Survival Gardening–Potatoes on Your Patio?

The other evening I turned on a local Christian radio station to hear what was being discussed on a certain program. Instead of Bible teaching, they were discussing gardening basics and encouraging new gardeners. No doubt they recognize surge in gardening this year and last year. They mentioned several crops that are easy to grow. However, I didn’t hear them mention potatoes. Maybe I tuned in too late.

Last year I tried growing a few potatoes in grow bags of soil. Unfortunately, they didn’t produce hardly anything but vines. I suspect the problem was bottom watering. The bags were sitting in black trays used for mixing cement, repurposed for gardening. This year I’m trying it again, but I’ll top water this time and see if it makes a difference.

I’m only trying this with three five gallon bags, and I’ve got plenty more potatoes planted elsewhere, so it’s not a great loss if the experiment fails again. I’m optimistic though, as every gardener is who experiments.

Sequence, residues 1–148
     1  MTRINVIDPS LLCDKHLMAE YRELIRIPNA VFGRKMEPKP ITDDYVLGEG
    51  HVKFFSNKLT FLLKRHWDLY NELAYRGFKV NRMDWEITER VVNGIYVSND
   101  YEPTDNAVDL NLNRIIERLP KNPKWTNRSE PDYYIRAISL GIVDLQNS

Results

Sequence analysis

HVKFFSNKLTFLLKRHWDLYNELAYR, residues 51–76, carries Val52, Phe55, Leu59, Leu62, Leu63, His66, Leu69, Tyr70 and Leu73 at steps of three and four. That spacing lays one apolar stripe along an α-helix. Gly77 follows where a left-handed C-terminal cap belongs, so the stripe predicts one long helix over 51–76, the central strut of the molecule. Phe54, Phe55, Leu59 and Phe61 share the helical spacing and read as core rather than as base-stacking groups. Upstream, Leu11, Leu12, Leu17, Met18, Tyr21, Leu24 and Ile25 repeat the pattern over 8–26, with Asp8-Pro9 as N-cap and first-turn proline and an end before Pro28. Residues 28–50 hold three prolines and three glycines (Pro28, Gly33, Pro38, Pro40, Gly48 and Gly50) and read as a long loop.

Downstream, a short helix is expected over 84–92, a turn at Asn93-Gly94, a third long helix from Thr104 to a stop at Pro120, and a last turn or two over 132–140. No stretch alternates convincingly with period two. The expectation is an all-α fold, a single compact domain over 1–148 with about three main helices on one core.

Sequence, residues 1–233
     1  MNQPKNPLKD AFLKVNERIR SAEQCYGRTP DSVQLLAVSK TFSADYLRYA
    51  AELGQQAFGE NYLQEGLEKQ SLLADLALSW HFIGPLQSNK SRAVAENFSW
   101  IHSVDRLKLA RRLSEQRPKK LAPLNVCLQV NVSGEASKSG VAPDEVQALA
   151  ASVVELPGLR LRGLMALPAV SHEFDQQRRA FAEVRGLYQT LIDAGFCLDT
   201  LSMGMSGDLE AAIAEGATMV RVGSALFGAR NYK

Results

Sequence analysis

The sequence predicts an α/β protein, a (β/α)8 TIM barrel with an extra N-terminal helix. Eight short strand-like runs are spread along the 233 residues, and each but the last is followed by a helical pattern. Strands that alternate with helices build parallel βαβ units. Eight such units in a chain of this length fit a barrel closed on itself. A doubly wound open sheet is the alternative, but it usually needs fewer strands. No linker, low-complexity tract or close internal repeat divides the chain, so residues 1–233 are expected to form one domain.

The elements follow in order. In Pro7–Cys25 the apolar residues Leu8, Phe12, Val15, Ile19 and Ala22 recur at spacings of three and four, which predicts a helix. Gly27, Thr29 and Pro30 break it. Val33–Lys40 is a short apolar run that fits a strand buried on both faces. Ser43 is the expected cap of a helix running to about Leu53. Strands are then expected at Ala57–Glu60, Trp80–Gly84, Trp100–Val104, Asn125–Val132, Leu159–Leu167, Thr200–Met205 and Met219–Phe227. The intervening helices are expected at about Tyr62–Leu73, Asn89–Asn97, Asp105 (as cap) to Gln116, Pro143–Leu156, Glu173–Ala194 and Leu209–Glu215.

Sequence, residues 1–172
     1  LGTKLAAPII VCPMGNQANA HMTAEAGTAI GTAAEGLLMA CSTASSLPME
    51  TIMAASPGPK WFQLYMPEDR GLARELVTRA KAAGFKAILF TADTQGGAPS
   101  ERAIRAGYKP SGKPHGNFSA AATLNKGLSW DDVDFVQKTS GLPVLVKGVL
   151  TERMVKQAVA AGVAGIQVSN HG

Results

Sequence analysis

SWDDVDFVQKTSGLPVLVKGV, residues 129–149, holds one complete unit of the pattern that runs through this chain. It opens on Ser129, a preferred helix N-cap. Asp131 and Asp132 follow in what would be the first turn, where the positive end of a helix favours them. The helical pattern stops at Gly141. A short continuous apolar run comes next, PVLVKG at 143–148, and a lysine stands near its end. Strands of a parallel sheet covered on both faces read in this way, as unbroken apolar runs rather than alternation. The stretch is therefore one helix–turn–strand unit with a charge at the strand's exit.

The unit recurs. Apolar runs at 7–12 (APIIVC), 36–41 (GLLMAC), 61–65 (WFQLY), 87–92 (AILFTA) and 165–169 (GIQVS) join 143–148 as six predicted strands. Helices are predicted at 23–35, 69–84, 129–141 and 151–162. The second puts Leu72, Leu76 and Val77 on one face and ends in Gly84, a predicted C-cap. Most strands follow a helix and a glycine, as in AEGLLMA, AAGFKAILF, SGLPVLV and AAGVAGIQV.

Speaking of growing potatoes elsewhere, I’ve got 15 three gallon nursery buckets of soil planted with a potato in each. I’ve gotten some pretty decent harvests in the past doing it this way. You can do the same thing and grow potatoes on your patio or in the yard, if you don’t have a decent gardening space. Oh, sure, it’s cheap to buy potatoes at the grocery store, but it’s a lot of fun to have your own, and they’re so easy to grow.

Potatoes will grow in straw, or you could put soil or compost in old tires. I remember reading that a family grew potatoes in an old garbage can. When the vines came up, they’d pile compost up around them, and they harvested quite a lot of potatoes from a small space.

Perhaps this adaptability to different growing places is one reason potatoes make such a good survival gardening favorite. Of course, as you no doubt know, potatoes can be cooked in any number of dishes, making them versatile in a culinary sense, too.

If you haven’t planted potatoes yet, it’s not too late. Time’s getting away though, and potatoes do well in cool weather, as long as they don’t freeze. You can grow potatoes you buy from the grocery store or buy them from just about any local store that sells plants in the spring.


Author: John Wesley Smith

John Wesley Smith writes and podcasts from his home in Central Missouri. His goal is to help preppers as he continues along his own preparedness journey.